Types of low blood pressure
Doctors often break down low blood pressure (hypotension) into categories, depending on the causes and other factors. Some types of low blood pressure include:
Low blood pressure on standing up (orthostatic, or postural, hypotension). This is a sudden drop in blood pressure when you stand up from a sitting position or after lying down.
Gravity causes blood to pool in your legs when you stand. Ordinarily, your body compensates by increasing your heart rate and constricting blood vessels, thereby ensuring that enough blood returns to your brain.
But in people with orthostatic hypotension, this compensating mechanism fails and blood pressure falls, leading to dizziness, lightheadedness, blurred vision, and even fainting.
Orthostatic hypotension can occur for various reasons, including dehydration, prolonged bed rest, pregnancy, diabetes, heart problems, burns, excessive heat, large varicose veins, and certain neurological disorders.
A number of medications also can cause orthostatic hypotension, particularly drugs used to treat high blood pressure — diuretics, beta-blockers, calcium channel blockers, and angiotensin-converting enzyme (ACE) inhibitors — as well as antidepressants and drugs used to treat Parkinson's disease and erectile dysfunction.
Orthostatic hypotension is especially common in older adults, but it also affects young, otherwise healthy people who stand up suddenly after sitting with their legs crossed for long periods or after squatting for a time.
It's also possible to have delayed orthostatic hypotension, with signs and symptoms developing 5 to 10 minutes after a change in posture. This might be a milder form of the condition, or it could be an early stage of it.
Low blood pressure after eating (postprandial hypotension). This sudden drop in blood pressure after eating effects mostly older adults.
Blood flows to your digestive tract after you eat. Ordinarily, your body increases your heart rate and constricts certain blood vessels to help maintain normal blood pressure. But in some people these mechanisms fail, leading to dizziness, faintness, and falls.
Postprandial hypotension is more likely to affect people with high blood pressure or autonomic nervous system disorders such as Parkinson's disease.
Lowering the dose of blood pressure drugs and eating small, low-carbohydrate meals might help reduce symptoms.
Low blood pressure from faulty brain signals (neurally mediated hypotension). This disorder, which causes a blood pressure drop after standing for long periods, mostly affects young adults and children. It seems to occur because of a miscommunication between the heart and the brain.
Low blood pressure due to nervous system damage (multiple system atrophy with orthostatic hypotension). Also called Shy-Drager syndrome, this rare disorder causes progressive damage to the autonomic nervous system, which controls involuntary functions such as blood pressure, heart rate, breathing, and digestion. It's associated with having very high blood pressure while lying down.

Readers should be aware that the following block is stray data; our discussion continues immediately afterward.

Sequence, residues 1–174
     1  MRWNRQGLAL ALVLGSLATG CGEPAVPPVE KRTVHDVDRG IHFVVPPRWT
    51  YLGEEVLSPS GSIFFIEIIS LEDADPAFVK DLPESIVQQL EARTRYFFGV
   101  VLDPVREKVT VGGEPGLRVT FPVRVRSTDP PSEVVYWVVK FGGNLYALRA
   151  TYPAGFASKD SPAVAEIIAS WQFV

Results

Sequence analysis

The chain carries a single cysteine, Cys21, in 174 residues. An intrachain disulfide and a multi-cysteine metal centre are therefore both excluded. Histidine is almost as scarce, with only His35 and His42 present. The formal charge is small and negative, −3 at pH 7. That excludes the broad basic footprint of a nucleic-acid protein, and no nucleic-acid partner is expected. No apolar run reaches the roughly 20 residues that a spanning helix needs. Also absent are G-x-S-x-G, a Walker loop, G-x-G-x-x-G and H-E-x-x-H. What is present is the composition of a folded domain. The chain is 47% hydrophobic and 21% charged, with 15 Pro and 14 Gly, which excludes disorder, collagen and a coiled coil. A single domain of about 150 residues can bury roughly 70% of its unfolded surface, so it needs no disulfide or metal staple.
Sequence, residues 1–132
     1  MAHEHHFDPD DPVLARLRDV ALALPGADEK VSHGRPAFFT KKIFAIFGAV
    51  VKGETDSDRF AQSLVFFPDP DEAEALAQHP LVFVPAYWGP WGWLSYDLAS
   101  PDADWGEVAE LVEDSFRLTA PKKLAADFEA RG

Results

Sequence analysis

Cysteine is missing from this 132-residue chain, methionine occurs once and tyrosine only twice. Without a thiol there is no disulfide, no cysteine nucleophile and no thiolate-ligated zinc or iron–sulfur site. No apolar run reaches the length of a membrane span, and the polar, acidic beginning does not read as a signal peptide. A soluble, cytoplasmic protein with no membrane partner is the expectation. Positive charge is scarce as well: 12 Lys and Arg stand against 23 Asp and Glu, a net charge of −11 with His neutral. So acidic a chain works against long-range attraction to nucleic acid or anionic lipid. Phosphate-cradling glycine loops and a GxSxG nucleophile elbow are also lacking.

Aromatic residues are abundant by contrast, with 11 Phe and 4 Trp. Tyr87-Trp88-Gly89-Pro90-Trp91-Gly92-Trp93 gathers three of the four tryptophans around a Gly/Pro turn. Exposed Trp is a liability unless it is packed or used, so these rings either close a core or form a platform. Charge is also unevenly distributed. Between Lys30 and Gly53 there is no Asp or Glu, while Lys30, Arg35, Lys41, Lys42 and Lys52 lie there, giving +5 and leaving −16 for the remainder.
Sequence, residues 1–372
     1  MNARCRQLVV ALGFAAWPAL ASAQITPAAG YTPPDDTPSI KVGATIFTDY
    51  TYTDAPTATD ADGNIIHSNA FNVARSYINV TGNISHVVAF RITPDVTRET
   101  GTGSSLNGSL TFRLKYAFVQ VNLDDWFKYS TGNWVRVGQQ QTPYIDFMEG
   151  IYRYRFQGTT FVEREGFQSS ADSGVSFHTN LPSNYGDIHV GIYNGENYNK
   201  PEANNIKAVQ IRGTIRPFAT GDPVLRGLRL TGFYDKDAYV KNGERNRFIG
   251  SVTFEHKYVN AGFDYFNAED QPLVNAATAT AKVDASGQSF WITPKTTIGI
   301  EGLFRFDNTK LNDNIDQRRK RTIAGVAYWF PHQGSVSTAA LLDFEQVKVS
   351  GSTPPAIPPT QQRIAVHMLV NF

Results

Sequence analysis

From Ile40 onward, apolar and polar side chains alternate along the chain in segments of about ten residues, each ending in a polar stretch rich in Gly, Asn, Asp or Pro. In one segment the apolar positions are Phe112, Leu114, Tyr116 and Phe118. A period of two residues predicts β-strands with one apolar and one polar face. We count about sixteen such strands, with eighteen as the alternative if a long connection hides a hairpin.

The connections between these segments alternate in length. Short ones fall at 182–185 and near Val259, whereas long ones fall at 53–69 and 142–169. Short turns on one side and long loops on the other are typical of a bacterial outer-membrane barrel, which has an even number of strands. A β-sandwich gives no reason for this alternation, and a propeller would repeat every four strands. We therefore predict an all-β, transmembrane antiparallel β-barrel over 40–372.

Low blood pressure (hypotension) can occur in anyone, though certain types of low blood pressure are more common depending on your age or other factors:
Age. Drops in blood pressure on standing or after eating occur primarily in adults older than 65. Neurally mediated hypotension primarily affects children and younger adults.
Medications. People who take certain medications, for example, high blood pressure medications such as alpha-blockers, have a greater risk of low blood pressure.
Certain diseases. Parkinson's disease, diabetes, and some heart conditions put you at a greater risk of developing low blood pressure.
Even moderate forms of low blood pressure can cause dizziness, weakness, fainting and a risk of injury from falls.
And severely low blood pressure can deprive your body of enough oxygen to carry out its normal functions, leading to damage to your heart and brain.
A study by American scientists presented Wednesday supports the view that a substance in egg white has the ability to lower blood pressure without negative effects.Scientists reported that a component of egg whites, already popular as a substitute for whole eggs among health-conscious consumers concerned about cholesterol in the yolk may have another beneficial effect in reducing blood pressure, reports Science Daily.
Their study was part of the 245th National Meeting and Exposition of the American Chemical Society (ACS), the world's largest scientific society, which continues here through Thursday.
"Our research suggests that there may be another reason to call it 'the incredible, edible egg,'" said study leader Zhipeng Yu, Ph.D., of Jilin University.
"We have evidence from the laboratory that a substance in egg white -- it's a peptide, one of the building blocks of proteins -- reduces blood pressure about as much as a low dose of Captopril, a high-blood-pressure drug," Zhipeng Yu said.
Yu and colleagues, who are with Clemson University, used a peptide called RVPSL. Scientists previously discovered that the substance, like the family of medications that includes Captopril, Vasotec and Monopril, was an angiotensin-converting-enzyme (ACE) inhibitor.
It has a powerful ability to inhibit or block the action of ACE, a substance produced in the body that raises blood pressure.
The results of feeding the substance were positive, showing that RVPSL did not have apparent toxic effects and lowered blood pressure by amounts comparable to low doses of Captopril.